Young Americans probably have no idea about the significance of events at Chappaquiddick, an island off the coast of Massachusetts, on July 18, 1969. Those of us old enough to remember the Camelot era dominated by both John F. Kennedy and Bobby Kennedy know that on that date, US politics changed forever. Now a film has been made about events involving the late Ted Kennedy and a campaign worker, Mary Jo Kopechne. I came away from the film with echoes of the “Kennedy Curse” bouncing around in my head and yet another confirmation needling questions will never be resolved.
The film is a Lionsgate product. I don’t think it would’ve been made otherwise. Newsweek reported the executive producer acknowledged the existence of opposition—”some very powerful people who tried to put pressure on me not to release this movie.” There were reports of opposition to a series aired by Reelz, The Kennedys. Reelz did another series, The Kennedys—After Camelot.
If you read much history of JFK and Bobby Kennedy’s prime years before their assassinations, you will perhaps see why the “Kennedy Curse” is mentioned so frequently. Despite the impressive wealth this family controls, it’s evident they have also had more than their share of tragedy. I think this state of affairs, something the public was aware of the night Ted Kennedy drove his car, with Kopechne a passenger, off a bridge into the waters around Chappaquiddick.
Ted survived the wreck. Kopechne, a longtime Kennedy campaign worker, did not. Ted wrecked the car a little more than a year after his brother Bobby had been killed.
To this day no one knows how Ted Kennedy escaped the car Kopechne died in. No one knows what they were really doing together in the car. Few understood why the senator who had lost two brothers to assassins took 10 hours to report the accident to authorities. No autopsy was conducted on the victim. Ted claimed they were not drinking alcohol, although that is hard to buy because politics and alcohol go together like peaches and cream. The party the senator left with Kopechne, who left her purse behind, was attended by political heavyweights, attorneys, and campaign workers. The female campaign workers were called “the boiler-room girls.”
Parties for campaign workers are nothing new, so there was no reason to see anything nefarious in the gathering of Kennedy supporters. True, some of them were married to people who weren’t present, but that is also common in politics.
It was generally believed Ted Kennedy aimed to become president one day. The events of July 18, 1969 changed that forever. Kennedy was still popular enough to be reelected time and again as US senator from Massachusetts. But even his supporters knew Chappaquiddick would be untenable should he seek the presidency.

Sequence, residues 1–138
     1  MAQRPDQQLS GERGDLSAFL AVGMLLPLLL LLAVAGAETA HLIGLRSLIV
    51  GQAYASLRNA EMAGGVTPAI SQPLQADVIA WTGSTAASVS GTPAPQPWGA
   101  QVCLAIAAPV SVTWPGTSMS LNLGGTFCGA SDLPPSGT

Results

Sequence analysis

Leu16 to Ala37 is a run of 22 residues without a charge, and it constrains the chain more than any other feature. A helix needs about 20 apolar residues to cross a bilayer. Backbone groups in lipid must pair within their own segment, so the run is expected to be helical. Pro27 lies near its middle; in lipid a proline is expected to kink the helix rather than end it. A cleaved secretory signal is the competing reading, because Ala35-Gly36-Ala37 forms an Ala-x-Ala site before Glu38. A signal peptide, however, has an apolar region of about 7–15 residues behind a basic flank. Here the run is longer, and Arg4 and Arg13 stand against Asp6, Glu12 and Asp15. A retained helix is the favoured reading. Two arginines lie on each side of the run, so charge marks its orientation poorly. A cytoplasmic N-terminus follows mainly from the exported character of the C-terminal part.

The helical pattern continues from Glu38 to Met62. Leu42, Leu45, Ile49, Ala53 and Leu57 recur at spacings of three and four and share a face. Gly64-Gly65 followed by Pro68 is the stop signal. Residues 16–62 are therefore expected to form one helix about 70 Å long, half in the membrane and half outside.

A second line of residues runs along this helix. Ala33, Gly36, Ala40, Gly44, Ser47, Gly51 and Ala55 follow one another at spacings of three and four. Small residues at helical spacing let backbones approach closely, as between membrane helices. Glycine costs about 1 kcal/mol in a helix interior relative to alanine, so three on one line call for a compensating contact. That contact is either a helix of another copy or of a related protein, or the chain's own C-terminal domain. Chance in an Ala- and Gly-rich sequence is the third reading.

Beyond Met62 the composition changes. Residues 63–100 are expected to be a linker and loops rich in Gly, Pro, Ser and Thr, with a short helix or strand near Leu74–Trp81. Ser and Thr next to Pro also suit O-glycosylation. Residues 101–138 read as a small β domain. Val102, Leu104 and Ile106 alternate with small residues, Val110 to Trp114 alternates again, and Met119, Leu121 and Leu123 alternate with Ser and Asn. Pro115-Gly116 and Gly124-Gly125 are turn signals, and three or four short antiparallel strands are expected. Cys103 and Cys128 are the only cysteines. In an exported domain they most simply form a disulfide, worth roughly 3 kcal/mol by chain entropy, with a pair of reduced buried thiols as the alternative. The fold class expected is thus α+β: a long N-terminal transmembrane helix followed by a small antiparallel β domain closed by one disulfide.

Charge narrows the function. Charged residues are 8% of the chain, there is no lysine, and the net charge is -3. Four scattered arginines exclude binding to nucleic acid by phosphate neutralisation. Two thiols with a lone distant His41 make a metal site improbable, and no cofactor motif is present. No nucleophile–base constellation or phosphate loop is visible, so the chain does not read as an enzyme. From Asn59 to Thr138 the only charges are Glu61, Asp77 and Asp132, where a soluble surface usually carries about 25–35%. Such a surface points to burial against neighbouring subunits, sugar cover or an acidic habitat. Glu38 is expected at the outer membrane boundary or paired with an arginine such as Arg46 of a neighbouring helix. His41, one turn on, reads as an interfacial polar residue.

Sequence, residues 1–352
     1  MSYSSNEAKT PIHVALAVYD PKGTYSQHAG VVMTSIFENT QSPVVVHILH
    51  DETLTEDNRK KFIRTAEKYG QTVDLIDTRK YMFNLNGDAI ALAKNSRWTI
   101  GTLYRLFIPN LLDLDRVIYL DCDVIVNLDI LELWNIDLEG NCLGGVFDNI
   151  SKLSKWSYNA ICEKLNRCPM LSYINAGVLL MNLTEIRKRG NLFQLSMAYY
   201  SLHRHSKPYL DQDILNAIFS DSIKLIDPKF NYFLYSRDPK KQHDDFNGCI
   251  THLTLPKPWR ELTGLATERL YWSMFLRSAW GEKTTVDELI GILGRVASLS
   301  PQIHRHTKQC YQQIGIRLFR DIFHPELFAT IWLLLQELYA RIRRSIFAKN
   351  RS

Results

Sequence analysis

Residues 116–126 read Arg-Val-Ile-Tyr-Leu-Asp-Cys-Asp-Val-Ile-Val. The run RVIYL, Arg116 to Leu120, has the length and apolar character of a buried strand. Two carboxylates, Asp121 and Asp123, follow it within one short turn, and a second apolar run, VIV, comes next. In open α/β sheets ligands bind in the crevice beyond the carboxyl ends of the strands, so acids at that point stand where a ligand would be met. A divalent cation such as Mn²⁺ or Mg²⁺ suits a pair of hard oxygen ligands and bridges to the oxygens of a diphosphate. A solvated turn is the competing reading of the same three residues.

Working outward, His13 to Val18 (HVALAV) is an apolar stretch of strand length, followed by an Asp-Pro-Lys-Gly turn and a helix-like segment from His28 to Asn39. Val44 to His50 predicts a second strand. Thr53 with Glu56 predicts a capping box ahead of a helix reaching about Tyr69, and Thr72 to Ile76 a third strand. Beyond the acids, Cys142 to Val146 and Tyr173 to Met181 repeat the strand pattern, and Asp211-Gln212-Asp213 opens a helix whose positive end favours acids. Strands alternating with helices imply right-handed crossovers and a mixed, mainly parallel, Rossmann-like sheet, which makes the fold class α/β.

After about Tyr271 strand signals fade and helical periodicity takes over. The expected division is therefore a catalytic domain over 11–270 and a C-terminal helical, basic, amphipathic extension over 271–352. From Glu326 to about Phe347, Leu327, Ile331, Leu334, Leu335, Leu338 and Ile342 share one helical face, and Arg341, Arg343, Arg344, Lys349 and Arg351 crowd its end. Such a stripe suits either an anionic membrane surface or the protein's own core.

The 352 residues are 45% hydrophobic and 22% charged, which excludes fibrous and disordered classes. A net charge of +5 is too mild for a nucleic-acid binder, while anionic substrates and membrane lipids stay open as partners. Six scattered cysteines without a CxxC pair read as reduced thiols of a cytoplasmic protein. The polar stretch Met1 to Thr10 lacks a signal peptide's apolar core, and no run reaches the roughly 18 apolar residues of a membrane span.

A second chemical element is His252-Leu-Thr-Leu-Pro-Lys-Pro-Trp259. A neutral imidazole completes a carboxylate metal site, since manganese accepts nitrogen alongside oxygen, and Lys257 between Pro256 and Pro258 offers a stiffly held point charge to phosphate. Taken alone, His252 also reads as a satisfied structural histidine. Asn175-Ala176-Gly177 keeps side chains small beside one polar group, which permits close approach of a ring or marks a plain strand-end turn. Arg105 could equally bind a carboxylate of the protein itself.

The film gets off to a slow start, and there isn’t enough emphasis on the character of the victim Mary Jo Kopechne. What is evident is that the boiler-room girls were expendable. After the accident became public, Ted’s supporters closed ranks and did their best to control the public relations damage. It helped that the US had just landed on the moon, and the TV coverage of astronauts as well as Neil Armstrong’s “giant leap for mankind” remarks dwarfed any other media topics for weeks. Armstrong’s feat happened on July 20, 1969, two days after the Chappaquiddick tragedy.
For many of us who had admired both JFK and Bobby Kennedy, Ted Kennedy’s actions on Chappaquiddick were one of the first instances leading us to question the family’s politicos. Ultimately it would be the book The Dark Side of Camelot (Seymour Hersh) published in the final years of Bill Clinton’s 2nd term in the White House that shed a highly negative perspective on the modern myth we now know as Camelot.
I’d recommend seeing the film if for no other reason than it takes a deep look at a family legitimately known as a Democrat party institution. The film comprises a very even-handed approach, with Ted’s angst over the wreck and over his political future apparent.
What the film won’t do is answer those needling questions. The one that haunts me is simple. How did Ted Kennedy get out of the car Mary Jo Kopechne could not escape and Ted’s friends could not breach in time to save her life?
Kopechne wasn’t the first female to experience tragedy in connection with a Kennedy. Marilyn Monroe’s fate is well known. Lesser known is the still-unsolved murder of one of John F. Kennedy’s lovers, the socialite Mary Pinchot Meyer. Mrs. Meyer, by the way, had been married to “a top CIA-Man”, as the Smithsonian noted.
(Kay B. Day/July 16, 2018)